You are currently viewing Svalbard 2021. <br> Part 4: Project fieldwork

Svalbard 2021.
Part 4: Project fieldwork

Much can be said about our project fieldwork but not that we ever travelled light. Why? Because, apart from some extra clothes, which were to protect us against the fickle Arctic weather, we also had to carry:

In other words, we had plenty to lug around even before we filled our bags with plastic containers, glass bottles, Tetra Pak cartons, shoes, floats, ropes, tubes and other junk picked up from the coast. We all carried heavy stuff. Continually, relentlessly, in various conditions, over difficult terrain and long distances. This is why one of the key requirements for joining the forScience team was – and will be in the future –  immaculate health.

And when we finally headed out into the field and were over the moon that there were only a few odd pieces of litter on the beaches cleaned during the first round of fieldwork and we could plainly see that our work was making a difference and we hoped that this season the average amount of litter from each kilometre would be no more than 10… well, maybe 20% of what it was two years before, nothing ruined our mood as surely as Paweł with his “you have to see this”. Because even though “this” was nothing but another piece of beach litter, it was clearly of a higher litter league.

“This” turned out to be a thick rope caught between rocks and holding together fragments of fishing nets and several dozen plastic buoys.
© Barbara Jóźwiak, forScience Foundation

That, in a nutshell, was our first proper day of fieldwork. As it soon turned out, the rope that held together fragments of fishing nets and a few dozen plastic buoys had a thick steel core, which complicated things a whole lot and sent the weight statistics for this kilometre soaring. But statistics aren’t everything. Even though 120 kg (which is how heavy the thing was) is a lot, especially for an Arctic beach in the middle of nowhere, a single piece of litter, no matter how big, is still a very different story than hundreds of smaller litter items strewn all over the place. And we don’t mean just the visual aspect, but the fact that big litter often poses a smaller risk to local fauna. For one, it will definitely not get eaten and there is plenty of time to remove it off the beach before inevitable processes of degradation and fragmentation turn it into unremovable microplastic. Besides, big and heavy litter is less likely to get washed back into the sea, where it would pose a much greater risk not only to marine animals, but also to yachts and ships.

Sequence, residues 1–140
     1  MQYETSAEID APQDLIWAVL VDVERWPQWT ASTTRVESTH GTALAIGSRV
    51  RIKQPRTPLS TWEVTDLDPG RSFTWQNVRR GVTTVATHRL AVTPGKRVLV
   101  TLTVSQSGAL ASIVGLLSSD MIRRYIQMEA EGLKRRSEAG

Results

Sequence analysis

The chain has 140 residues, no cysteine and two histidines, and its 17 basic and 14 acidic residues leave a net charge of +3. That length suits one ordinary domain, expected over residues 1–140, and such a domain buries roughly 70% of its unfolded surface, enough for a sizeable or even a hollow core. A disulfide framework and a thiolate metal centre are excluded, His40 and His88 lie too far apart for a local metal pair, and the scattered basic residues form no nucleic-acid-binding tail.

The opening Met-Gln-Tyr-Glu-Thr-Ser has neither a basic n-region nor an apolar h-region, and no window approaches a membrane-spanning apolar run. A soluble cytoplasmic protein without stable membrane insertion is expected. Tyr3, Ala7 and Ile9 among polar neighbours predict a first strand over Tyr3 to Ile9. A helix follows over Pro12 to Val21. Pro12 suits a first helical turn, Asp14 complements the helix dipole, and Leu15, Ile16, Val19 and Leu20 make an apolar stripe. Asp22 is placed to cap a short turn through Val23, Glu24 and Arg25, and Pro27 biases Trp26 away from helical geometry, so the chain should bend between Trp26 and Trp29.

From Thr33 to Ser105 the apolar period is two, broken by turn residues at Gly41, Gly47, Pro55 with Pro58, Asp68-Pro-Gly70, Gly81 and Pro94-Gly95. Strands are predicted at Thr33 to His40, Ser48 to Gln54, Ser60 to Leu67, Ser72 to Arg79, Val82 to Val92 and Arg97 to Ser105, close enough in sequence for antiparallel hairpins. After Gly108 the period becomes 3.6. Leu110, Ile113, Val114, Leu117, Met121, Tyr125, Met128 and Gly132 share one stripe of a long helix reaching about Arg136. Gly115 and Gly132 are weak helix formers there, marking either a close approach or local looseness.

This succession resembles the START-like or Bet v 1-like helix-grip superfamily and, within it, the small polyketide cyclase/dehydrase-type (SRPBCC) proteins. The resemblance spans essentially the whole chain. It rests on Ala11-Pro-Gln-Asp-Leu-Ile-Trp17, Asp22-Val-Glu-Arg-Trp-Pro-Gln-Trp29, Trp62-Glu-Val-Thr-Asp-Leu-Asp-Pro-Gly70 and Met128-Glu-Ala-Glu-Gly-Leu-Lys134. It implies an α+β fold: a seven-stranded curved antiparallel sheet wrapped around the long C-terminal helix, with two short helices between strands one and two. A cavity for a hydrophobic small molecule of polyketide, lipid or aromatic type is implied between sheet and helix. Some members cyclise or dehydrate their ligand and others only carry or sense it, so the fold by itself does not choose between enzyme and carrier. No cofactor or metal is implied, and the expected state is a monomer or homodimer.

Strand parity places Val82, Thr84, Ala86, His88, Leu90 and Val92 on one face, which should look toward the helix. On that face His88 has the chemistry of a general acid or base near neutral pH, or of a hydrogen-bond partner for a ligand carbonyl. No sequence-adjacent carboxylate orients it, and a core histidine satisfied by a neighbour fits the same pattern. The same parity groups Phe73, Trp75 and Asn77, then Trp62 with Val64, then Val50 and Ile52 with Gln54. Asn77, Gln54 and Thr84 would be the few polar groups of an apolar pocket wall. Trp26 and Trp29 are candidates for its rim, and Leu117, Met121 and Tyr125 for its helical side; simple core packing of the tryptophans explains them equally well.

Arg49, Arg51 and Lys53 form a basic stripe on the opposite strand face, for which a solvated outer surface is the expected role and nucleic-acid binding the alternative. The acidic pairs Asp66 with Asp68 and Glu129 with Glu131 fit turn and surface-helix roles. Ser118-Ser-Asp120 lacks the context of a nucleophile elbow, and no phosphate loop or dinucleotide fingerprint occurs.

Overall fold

So now you know for a fact that big litter did not exactly make project fieldwork easier. But small litter was no picnic either. Luckily, we faced each litter challenge in excellent company, magnificent setting and high spirits, which – with another Monday upon us – we wish you, too.

Even though small litter items were easier to deal with than big ones, there were times they were no picnic either.
© Barbara Jóźwiak, forScience Foundation

It happened that the greatest challenge was not the litter itself, but its location. Cutting out nets and ropes caught between and under rocks was a fundamental part of our field routine. And although it was, no doubt, hard work, we all much preferred rocks to seaweed. Why? Because the dry crust forming on top of the latter serves as an airtight lid under which the fermentation process takes place, complete with a sickening stench, much like what you can get a whiff of during an ill-timed visit to the countryside. If this wasn’t bad enough, the smell goes hand in hand with a consistency too disgusting for words. Let’s just say that if hell existed, its deepest pit would be filled with seaweed from Sørkappland.